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Do nitric oxide, carbon monoxide and hydrogen sulfide really qualify as 'gasotransmitters' in bacteria?
Biochem Soc Trans. 2018 10 19; 46(5):1107-1118.BS

Abstract

A gasotransmitter is defined as a small, generally reactive, gaseous molecule that, in solution, is generated endogenously in an organism and exerts important signalling roles. It is noteworthy that these molecules are also toxic and antimicrobial. We ask: is this definition of a gasotransmitter appropriate in the cases of nitric oxide, carbon monoxide and hydrogen sulfide (H2S) in microbes? Recent advances show that, not only do bacteria synthesise each of these gases, but the molecules also have important signalling or messenger roles in addition to their toxic effects. However, strict application of the criteria proposed for a gasotransmitter leads us to conclude that the term 'small molecule signalling agent', as proposed by Fukuto and others, is preferable terminology.

Authors+Show Affiliations

Vanderbilt University Medical Center, Vanderbilt Eye Institute, 11420 Medical Research Building IV, 215B Garland Avenue, Nashville, TN 37232-0654, U.S.A.Department of Molecular Biology and Biotechnology, The University of Sheffield, Firth Court, Sheffield S10 2TN, U.K.Department of Molecular Biology and Biotechnology, The University of Sheffield, Firth Court, Sheffield S10 2TN, U.K. r.poole@sheffield.ac.uk.

Pub Type(s)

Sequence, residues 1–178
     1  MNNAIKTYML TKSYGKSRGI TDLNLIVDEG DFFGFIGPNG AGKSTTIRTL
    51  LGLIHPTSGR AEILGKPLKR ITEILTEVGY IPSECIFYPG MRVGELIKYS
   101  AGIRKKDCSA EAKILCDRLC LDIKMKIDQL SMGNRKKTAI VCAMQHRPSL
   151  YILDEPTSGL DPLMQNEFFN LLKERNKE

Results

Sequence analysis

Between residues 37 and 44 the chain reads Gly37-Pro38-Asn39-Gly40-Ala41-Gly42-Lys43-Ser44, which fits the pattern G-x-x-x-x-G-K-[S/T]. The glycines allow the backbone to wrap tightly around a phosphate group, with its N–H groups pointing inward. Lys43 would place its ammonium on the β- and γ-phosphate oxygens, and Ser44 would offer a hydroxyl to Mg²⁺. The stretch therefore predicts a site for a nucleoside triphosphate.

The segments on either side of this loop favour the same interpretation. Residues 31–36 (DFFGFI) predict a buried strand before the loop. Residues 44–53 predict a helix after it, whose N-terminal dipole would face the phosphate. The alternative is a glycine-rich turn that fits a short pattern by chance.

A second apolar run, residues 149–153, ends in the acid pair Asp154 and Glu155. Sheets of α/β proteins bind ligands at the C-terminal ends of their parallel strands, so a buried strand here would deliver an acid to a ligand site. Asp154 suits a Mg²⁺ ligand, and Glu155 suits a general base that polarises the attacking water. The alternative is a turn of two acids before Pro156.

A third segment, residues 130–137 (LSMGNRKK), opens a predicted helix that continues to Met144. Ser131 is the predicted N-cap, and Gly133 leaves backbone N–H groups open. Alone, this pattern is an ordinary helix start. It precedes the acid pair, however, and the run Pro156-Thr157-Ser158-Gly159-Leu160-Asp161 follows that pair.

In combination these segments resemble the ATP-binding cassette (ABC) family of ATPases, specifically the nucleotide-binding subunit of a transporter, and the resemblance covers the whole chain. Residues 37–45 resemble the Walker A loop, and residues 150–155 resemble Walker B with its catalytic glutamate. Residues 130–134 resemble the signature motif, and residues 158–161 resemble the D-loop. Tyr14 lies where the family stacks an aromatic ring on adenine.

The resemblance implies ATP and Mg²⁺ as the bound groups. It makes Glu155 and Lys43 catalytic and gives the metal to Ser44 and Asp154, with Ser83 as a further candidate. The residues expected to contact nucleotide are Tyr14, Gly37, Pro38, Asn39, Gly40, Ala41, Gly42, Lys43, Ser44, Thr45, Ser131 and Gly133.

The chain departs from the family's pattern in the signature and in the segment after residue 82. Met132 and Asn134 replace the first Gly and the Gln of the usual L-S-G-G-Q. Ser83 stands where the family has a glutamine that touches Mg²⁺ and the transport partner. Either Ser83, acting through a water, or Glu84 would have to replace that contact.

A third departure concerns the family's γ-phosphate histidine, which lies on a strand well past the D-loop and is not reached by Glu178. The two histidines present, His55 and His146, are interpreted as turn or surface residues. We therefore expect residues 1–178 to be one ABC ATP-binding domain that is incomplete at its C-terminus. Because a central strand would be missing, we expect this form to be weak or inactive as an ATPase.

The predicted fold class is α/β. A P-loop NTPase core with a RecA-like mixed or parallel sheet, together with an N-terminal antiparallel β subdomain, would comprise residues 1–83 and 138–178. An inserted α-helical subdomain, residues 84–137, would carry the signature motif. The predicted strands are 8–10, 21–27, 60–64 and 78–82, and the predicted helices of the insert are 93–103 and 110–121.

Journal Article
Research Support, Non-U.S. Gov't
Review

Language

eng

PubMed ID

30190328

Citation

Wareham, Lauren K., et al. "Do Nitric Oxide, Carbon Monoxide and Hydrogen Sulfide Really Qualify as 'gasotransmitters' in Bacteria?" Biochemical Society Transactions, vol. 46, no. 5, 2018, pp. 1107-1118.
Wareham LK, Southam HM, Poole RK. Do nitric oxide, carbon monoxide and hydrogen sulfide really qualify as 'gasotransmitters' in bacteria? Biochem Soc Trans. 2018;46(5):1107-1118.
Wareham, L. K., Southam, H. M., & Poole, R. K. (2018). Do nitric oxide, carbon monoxide and hydrogen sulfide really qualify as 'gasotransmitters' in bacteria? Biochemical Society Transactions, 46(5), 1107-1118. https://doi.org/10.1042/BST20170311
Wareham LK, Southam HM, Poole RK. Do Nitric Oxide, Carbon Monoxide and Hydrogen Sulfide Really Qualify as 'gasotransmitters' in Bacteria. Biochem Soc Trans. 2018 10 19;46(5):1107-1118. PubMed PMID: 30190328.
* Article titles in AMA citation format should be in sentence-case
TY - JOUR T1 - Do nitric oxide, carbon monoxide and hydrogen sulfide really qualify as 'gasotransmitters' in bacteria? AU - Wareham,Lauren K, AU - Southam,Hannah M, AU - Poole,Robert K, Y1 - 2018/09/06/ PY - 2018/06/07/received PY - 2018/07/27/revised PY - 2018/07/30/accepted PY - 2018/9/8/pubmed PY - 2019/3/8/medline PY - 2018/9/8/entrez KW - carbon monoxide KW - cellular signalling KW - gasotransmitters KW - hydrogen sulfide KW - nitric oxide SP - 1107 EP - 1118 JF - Biochemical Society transactions JO - Biochem Soc Trans VL - 46 IS - 5 N2 - A gasotransmitter is defined as a small, generally reactive, gaseous molecule that, in solution, is generated endogenously in an organism and exerts important signalling roles. It is noteworthy that these molecules are also toxic and antimicrobial. We ask: is this definition of a gasotransmitter appropriate in the cases of nitric oxide, carbon monoxide and hydrogen sulfide (H2S) in microbes? Recent advances show that, not only do bacteria synthesise each of these gases, but the molecules also have important signalling or messenger roles in addition to their toxic effects. However, strict application of the criteria proposed for a gasotransmitter leads us to conclude that the term 'small molecule signalling agent', as proposed by Fukuto and others, is preferable terminology. SN - 1470-8752 UR - https://www.unboundmedicine.com/medline/citation/30190328/Do_nitric_oxide_carbon_monoxide_and_hydrogen_sulfide_really_qualify_as_'gasotransmitters'_in_bacteria L2 - https://portlandpress.com/biochemsoctrans/article-lookup/doi/10.1042/BST20170311 DB - PRIME DP - Unbound Medicine ER -